Microsoft: We're Open (Source) For Business
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For years, the poster child of the anti-open source movement was Microsoft, with its proprietary software model. In recent years, however, the company has changed its views, starting an open source software lab to work on interoperability issues. It's even become a purveyor of its own open source-approved licenses.
What do these efforts mean? For Sam Ramji, Microsoft's director of open source technology strategy, they indicate the company is "open" for business.
"The strategy is founded on meeting people where they are," Ramji told InternetNews.com. "Independent of whether or not the application programming layer is a Microsoft technology, we really look at ourselves as being an infrastructure layer, and our job is to support the workload and the development styles that people want to use."
Among the key efforts of Ramji's strategy is the work that Microsoft is doing with PHP. Microsoft and Zend (the lead commercial sponsor of PHP) work together to enhance PHP for Windows .
"Our goals first and foremost were looking for performance parity with Linux for PHP workloads," Ramji said. "This is putting our best efforts into PHP."
Beyond just making key open source technologies such as PHP run well on its platforms, Microsoft is also bringing new open source skills into the company itself. Crispin Cowan, a key developer behind Novell's AppArmor Linux security effort, is among Microsoft's recent open source hires.
Ramji also said Tom Hanrahan now leads the Linux interoperability work in Microsoft's Open Source Lab. Prior to joining Microsoft, Hanrahan had been the director of Linux engineering at the Open Source Development Labs, or OSDL, as it's more commonly known.
"People talk about bringing in new blood, and we need to have the people that embody the practices we hope the company to have," Ramji said. "If you want to execute change, you need to have change agents."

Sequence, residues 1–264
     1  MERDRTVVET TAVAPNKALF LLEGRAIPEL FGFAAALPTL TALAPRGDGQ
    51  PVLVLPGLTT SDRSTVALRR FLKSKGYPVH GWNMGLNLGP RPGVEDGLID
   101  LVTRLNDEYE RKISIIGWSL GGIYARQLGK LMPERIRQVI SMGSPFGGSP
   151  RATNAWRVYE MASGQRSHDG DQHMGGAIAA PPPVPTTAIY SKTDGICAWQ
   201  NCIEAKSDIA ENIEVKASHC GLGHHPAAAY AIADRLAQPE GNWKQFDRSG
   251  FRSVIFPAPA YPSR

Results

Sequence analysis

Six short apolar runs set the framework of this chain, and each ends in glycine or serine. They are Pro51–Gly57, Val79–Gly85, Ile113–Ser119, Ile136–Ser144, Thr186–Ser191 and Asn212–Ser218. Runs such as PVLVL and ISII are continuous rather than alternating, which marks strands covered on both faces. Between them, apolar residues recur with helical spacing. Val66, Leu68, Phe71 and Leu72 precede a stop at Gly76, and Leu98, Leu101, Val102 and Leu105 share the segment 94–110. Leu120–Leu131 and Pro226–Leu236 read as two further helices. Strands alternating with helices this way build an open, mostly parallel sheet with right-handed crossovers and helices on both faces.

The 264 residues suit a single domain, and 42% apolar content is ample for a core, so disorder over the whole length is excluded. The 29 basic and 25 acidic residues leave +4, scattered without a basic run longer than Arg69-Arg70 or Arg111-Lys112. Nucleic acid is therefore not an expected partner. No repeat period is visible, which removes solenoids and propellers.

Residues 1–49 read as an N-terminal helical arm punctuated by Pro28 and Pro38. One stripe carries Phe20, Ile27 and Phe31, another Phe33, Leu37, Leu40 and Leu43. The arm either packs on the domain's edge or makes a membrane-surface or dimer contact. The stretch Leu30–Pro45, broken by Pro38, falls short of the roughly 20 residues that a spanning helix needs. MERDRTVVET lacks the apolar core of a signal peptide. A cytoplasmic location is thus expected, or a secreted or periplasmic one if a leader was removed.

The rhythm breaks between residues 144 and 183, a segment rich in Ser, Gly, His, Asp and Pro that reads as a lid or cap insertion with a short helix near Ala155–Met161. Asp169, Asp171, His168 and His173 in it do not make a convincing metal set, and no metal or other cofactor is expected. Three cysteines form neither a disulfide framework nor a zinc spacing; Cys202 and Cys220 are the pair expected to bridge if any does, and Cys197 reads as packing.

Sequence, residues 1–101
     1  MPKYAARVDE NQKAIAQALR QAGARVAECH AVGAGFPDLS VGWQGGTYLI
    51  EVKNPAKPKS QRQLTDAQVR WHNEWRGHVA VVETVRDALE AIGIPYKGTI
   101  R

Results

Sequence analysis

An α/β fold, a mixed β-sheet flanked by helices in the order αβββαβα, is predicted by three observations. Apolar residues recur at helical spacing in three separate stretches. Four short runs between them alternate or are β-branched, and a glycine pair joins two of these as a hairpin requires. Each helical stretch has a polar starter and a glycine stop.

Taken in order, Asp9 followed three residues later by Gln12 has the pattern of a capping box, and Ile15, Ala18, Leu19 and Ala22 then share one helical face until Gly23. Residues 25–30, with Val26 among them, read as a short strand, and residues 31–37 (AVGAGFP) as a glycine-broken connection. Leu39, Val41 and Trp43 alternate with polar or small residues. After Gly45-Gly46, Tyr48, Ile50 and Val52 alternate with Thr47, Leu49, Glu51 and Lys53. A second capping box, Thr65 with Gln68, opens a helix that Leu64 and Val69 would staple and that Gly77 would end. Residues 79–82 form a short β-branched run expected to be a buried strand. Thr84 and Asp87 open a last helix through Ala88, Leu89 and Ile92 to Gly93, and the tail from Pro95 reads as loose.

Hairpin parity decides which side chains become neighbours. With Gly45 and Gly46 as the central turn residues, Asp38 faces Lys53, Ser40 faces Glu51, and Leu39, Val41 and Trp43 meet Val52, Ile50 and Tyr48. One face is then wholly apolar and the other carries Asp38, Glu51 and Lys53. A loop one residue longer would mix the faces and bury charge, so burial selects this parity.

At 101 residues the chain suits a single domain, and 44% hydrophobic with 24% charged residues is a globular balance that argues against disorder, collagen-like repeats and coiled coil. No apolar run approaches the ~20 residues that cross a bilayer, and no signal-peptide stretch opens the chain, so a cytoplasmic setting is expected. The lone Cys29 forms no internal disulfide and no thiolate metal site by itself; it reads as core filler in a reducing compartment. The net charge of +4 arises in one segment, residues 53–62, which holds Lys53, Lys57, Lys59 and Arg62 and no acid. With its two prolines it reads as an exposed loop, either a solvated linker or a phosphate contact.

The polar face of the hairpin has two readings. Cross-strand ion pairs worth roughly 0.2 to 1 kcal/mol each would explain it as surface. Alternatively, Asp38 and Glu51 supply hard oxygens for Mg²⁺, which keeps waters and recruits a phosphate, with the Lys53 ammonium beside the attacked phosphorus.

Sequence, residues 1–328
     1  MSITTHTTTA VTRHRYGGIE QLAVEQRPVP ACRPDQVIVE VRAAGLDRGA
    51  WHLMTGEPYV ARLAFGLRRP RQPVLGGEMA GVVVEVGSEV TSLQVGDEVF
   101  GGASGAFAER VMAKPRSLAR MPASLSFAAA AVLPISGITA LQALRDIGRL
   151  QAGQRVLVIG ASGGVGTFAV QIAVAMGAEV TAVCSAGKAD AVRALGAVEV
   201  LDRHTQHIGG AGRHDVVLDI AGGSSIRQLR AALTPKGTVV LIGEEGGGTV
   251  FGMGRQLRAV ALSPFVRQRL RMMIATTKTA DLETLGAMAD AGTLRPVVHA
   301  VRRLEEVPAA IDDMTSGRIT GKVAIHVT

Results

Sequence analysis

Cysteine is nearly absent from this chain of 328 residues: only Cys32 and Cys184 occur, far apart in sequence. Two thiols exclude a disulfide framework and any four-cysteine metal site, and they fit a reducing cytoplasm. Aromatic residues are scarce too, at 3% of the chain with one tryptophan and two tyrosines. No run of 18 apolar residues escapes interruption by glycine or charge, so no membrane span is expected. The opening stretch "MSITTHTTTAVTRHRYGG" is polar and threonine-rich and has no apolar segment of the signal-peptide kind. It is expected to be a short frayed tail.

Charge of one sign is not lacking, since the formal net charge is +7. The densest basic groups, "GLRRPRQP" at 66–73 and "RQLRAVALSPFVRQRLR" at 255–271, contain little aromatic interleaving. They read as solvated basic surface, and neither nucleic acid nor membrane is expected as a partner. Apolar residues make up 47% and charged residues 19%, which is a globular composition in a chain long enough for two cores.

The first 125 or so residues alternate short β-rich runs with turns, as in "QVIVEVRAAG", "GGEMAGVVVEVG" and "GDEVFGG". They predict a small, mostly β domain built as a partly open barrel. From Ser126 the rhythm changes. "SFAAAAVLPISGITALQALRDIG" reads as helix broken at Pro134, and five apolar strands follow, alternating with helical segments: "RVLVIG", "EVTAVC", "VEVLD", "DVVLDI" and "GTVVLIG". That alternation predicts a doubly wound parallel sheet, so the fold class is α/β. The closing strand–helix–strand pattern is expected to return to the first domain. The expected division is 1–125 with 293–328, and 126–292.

Ramji is also optimistic about Microsoft's Open Source code efforts with the Microsoft Public License (known as Ms-PL) and the Microsoft Reciprocal License (or Ms-RL), which have been officially approved by the nonprofit Open Source Initiative (OSI) since October.
"I'm humbled and grateful to the OSI for approving the licenses," Ramji said. "It cements their moral authority and shows some optimism that we can bring our models together."
Since gaining OSI approval, Ramji said Microsoft's CodePlex open source code development effort has undertaken 30 new projects. In total, there are now 190 projects on CodePlex using either the Ms-PL or Ms-RL.
Though Ramji sees positive momentum for open source at Microsoft, he also sees many challenges lie ahead. Among them is helping others at Microsoft determine when and where open source makes sense.
He says that effort will entail figuring out what part of a product needs to be open source and modifiable, as well as which part needs to be visible and understandable for debugging purposes -- but not changeable.
In addition, Ramji says, the company needs to decide what should remain closed source, not visible and only modifiable by Microsoft's own developers.
"We're conducting internal briefings and training sessions on what are the policies and how do you think through the legal implications," Ramji said. "The other component is working with product groups on how you go to market and the revenue model."
"At the end of the day, for this to be sustainable for any company, there has to be a consistent way that additional effort produces additional revenue," he adds.